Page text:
Also living in York Road in 1881 was James Manthorp, an engine smith born at Rendlesham.  From the Census details it is possible to build up a touching picture of his family, although it is pure conjecture.  His wife had died, perhaps in childbirth, as his youngest daughter was only three years old.  This left him in his early thirties with five children under the age of 10.  One imagines his parents rallying round in this time of trouble, bringing with them their three unmarried teenage children.  We know, at least, that in 1881 they were all living together in a small terraced house.  However, later years were brighter for James Manthorp, as in 1889 he too applied for permission to build his own house, which he extended in 1897.

A rather less typical house in Newton Road proudly bears the inscription “Bateman’s Villa AD 1876”.  This was built by Thomas Hope in the year that his son, whose Christian name was Bateman, was born.  By 1881 Hope, a 33 year old milk seller, had four children under the age of 8, and was the only person in the area, except Rose Hill House, that had a resident female servant.  Incidentally, Bateman Hope was not the only son to be given a rather unusual name – his younger brother was called Lancelot!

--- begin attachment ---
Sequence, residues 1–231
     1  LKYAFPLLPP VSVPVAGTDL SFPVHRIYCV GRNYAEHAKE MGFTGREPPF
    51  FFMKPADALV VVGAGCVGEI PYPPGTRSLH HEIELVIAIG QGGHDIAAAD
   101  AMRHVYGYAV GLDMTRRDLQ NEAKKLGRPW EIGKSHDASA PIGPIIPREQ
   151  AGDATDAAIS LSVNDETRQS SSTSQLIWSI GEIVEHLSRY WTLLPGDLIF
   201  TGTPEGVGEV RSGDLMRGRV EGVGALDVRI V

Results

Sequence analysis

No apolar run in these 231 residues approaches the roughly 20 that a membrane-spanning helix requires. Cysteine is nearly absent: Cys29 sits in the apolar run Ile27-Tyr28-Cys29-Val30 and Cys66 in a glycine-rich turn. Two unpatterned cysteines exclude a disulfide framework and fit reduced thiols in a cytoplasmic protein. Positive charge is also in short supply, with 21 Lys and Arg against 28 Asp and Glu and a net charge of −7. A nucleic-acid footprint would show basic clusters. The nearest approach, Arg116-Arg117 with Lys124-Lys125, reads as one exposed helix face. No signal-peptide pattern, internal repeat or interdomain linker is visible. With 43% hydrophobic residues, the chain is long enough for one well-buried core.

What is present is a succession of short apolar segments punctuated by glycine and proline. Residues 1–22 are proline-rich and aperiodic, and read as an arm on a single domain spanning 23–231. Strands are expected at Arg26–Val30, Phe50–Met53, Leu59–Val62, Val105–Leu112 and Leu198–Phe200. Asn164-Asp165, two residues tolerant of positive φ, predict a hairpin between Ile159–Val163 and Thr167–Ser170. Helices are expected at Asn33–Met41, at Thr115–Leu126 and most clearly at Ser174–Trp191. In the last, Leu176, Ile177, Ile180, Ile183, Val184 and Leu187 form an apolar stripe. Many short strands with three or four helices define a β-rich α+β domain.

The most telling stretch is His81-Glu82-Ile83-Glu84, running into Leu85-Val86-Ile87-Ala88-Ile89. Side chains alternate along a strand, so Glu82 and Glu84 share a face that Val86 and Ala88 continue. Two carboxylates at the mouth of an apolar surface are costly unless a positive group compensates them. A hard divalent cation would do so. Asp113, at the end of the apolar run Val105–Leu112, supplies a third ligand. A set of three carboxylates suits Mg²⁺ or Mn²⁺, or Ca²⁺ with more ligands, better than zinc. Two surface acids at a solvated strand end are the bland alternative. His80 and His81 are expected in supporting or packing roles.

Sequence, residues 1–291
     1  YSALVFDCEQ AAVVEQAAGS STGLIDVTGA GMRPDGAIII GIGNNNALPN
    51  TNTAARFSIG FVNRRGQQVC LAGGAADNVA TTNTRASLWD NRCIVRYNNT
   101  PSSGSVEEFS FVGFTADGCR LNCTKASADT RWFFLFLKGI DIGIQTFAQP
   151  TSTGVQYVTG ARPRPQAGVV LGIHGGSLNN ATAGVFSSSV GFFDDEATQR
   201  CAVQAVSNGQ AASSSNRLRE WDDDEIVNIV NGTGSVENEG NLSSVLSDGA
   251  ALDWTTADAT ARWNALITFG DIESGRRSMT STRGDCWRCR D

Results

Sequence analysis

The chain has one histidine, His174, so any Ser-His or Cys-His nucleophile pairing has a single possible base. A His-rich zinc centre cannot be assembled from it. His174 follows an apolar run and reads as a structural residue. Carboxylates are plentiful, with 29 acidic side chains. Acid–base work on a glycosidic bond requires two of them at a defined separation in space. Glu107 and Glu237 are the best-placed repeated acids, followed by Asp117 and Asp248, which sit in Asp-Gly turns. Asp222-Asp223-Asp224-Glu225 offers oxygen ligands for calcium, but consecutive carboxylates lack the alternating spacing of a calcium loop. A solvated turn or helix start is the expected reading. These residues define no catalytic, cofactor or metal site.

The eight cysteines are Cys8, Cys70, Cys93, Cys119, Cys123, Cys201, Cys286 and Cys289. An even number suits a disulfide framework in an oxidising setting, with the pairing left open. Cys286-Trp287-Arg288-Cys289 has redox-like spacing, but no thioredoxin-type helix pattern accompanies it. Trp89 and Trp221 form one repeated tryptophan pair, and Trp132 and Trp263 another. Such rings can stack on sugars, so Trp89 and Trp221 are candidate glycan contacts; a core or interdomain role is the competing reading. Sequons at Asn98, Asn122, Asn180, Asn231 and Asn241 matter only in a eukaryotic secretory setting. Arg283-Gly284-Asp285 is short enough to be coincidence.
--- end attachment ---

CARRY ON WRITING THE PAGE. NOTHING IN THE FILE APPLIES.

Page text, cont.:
It was people such as these that saw the beginnings of the Rose Hill that we know today.  Perhaps they travelled, as we still do, on the train to Felixstowe from Derby Road Station after it was opened in May 1877, or used the horse drawn tram service from the Station yard to Majors Corner, that was started in the summer of 1883.  They may have been early members of the congregation at Alan Road Methodist Chapel when it was opened in 1878, or they may have attended worship at the much more imposing Anglican Church of St Bartholomew’s when it was built in 1895.  Their children may have been educated at Rose Hill School after its opening in 1885, as our children are being taught in its modern counterpart in the 1980’s.  Although Rose Hill has changed from Farm to Suburb, and life styles have changed, we still share a great deal with the families that lived in our houses 100 years ago.

[***See Street name derivations for an alternative dervation of Alan Road.]